[00:26:07] So in terms of switching then to your electric planes how much with your electric planes kind of counteract that.
[00:26:15] Well when you're flying a fully electric plane you're completely eliminating the direct emissions. Now you have to look at what where the energy is coming from. We see a lot of locations especially early adoption locations switching to completely clean grids which can give a zero operational emissions for electric aircraft.
[00:26:36] That's amazing. That would actually make a huge difference. So are there any other benefits you think electric planes have over a traditional slaine. Absolutely.
[00:26:45] It's one of the other major benefits that we see with electrification is the decreased noise burden on communities. So currently cities which have community airports the people in those cities are up in arms about the noise and pollution oftentimes shutting down the airports. So the quieter electric aircraft will enable communities to find these airports as assets to the communities rather than burdens.
[00:27:12] That's also though. So should we as a planet then really be focusing our efforts on electric planes.
[00:27:19] Absolutely not. I think that there are many many important industries that need to be focused on even within aviation.
[00:27:29] I think there are multiple solutions that need attention. For example for long haul transportation. These are the flights let's say trans atlantic. You're going to need to be looking into other alternatives like biofuels or hybrid electric vehicles or replacing the auxiliary power units on large planes. So there's a whole portfolio of solutions that need to be pursued electrification is a very compelling one that I personally believe in. It's it's one of the solutions that will help us alleviate these big problems.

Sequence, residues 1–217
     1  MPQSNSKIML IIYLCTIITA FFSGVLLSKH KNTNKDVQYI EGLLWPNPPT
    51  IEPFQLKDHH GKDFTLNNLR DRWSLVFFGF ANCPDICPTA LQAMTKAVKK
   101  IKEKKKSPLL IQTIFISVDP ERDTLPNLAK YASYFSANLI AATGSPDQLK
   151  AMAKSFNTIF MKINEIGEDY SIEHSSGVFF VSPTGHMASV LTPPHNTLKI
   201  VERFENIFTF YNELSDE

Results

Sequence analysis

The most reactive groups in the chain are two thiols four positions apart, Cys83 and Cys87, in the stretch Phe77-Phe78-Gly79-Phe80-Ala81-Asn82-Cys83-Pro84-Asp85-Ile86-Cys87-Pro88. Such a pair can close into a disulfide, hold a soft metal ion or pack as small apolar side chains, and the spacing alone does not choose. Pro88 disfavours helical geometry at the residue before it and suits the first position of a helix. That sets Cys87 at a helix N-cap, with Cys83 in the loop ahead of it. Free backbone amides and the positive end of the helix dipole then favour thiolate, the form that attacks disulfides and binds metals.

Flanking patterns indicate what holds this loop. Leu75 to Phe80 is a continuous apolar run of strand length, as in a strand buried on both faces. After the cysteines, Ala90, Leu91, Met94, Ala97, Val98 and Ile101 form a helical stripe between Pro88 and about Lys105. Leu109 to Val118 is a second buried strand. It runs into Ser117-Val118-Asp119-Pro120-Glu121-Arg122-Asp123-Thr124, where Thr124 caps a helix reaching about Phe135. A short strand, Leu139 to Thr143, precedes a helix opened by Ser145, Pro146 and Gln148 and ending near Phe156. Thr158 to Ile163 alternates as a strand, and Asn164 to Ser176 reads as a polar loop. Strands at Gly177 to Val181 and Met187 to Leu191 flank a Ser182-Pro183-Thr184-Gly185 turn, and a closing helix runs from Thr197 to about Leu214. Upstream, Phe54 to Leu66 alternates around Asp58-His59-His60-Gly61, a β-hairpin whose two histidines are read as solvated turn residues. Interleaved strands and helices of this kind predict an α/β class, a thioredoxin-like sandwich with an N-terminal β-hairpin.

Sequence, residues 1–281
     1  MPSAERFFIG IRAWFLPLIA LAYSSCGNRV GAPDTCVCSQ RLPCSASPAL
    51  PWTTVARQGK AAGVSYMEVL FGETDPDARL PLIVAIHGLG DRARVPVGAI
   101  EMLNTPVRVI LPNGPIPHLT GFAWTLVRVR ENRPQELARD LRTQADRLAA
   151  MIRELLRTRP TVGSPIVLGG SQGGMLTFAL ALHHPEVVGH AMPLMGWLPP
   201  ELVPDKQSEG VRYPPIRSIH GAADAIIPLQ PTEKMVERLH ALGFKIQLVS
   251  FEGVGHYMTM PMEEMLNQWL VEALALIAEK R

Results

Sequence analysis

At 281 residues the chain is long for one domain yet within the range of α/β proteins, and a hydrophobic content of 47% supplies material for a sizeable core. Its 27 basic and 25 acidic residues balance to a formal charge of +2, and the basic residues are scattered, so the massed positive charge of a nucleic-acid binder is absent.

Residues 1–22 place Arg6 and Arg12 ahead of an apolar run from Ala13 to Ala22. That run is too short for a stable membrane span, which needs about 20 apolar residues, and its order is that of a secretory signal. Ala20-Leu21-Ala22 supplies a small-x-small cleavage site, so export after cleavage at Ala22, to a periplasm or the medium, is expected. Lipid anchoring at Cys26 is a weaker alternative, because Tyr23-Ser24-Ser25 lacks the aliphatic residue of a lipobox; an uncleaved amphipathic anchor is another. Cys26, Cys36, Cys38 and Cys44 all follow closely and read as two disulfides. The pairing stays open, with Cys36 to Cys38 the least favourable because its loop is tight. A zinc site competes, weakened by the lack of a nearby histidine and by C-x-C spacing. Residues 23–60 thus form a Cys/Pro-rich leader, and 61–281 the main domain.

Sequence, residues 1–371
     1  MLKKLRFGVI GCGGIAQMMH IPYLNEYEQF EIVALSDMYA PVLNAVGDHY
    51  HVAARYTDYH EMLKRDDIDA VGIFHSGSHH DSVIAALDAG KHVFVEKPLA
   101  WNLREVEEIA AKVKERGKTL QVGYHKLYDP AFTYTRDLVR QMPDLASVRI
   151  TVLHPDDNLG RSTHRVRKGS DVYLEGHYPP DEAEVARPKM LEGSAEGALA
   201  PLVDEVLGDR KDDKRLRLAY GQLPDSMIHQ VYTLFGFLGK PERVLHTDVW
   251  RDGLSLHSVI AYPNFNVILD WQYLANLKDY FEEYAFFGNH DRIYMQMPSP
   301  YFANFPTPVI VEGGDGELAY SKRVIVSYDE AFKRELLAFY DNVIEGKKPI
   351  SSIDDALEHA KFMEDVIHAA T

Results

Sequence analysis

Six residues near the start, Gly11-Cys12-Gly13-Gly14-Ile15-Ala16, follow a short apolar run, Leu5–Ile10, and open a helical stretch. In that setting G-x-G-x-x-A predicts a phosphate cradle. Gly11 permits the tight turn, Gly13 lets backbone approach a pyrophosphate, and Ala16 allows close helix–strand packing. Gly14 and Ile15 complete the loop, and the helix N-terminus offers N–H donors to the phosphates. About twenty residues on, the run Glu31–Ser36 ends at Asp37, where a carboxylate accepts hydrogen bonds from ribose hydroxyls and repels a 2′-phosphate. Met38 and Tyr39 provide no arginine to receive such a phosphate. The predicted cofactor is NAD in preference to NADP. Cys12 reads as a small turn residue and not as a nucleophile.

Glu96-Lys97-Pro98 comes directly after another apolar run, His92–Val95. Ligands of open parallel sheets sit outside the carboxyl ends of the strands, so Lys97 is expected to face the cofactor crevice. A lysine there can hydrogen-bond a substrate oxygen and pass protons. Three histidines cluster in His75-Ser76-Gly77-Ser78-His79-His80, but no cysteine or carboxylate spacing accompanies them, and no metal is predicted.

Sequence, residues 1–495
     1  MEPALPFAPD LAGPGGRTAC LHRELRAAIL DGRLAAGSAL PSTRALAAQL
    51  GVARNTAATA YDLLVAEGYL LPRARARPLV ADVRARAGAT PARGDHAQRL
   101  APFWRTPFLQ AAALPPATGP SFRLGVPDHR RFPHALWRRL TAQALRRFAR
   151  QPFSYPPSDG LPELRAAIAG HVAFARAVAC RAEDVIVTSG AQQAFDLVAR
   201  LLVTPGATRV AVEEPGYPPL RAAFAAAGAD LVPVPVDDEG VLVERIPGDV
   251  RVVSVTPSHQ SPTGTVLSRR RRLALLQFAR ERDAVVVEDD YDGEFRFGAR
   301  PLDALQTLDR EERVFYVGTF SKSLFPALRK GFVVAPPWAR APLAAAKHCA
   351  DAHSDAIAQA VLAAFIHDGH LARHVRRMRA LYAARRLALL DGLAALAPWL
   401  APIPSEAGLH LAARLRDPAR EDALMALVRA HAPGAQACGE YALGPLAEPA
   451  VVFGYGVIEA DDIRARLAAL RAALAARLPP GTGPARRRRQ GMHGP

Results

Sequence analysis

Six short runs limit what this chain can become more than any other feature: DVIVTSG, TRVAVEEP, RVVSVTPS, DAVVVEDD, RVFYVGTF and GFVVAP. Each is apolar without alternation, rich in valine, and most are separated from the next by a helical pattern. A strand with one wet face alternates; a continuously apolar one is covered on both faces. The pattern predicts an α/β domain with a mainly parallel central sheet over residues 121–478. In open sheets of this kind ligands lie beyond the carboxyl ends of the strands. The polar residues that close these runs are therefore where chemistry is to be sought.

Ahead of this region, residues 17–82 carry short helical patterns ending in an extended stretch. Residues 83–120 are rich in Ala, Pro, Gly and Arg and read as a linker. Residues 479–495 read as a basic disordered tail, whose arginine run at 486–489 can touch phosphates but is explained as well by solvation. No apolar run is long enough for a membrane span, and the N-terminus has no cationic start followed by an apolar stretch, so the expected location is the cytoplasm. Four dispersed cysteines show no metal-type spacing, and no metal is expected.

[00:28:02] So it's a step in the right direction but not necessarily the solution to everything correct.
[00:28:07] All right guys. Thank you Kevin. Thank you mr. You guys are amazing here. Thanks so much to our guests Kevin Neuer and Misty Foster for talking to me about electric planes and the future of air travel. That's it from today's episode about an office powered by Kentucky. Don't forget to subscribe so you don't miss the next episode. I'm going to be delving into the issue of men's mental health with model Mina Gerges and rugby player Stevie Ward and asking if travel can improve your mental health. I'll also be getting tips on what to see and do in Europe and how to take that perfect picture while traveling. See you then.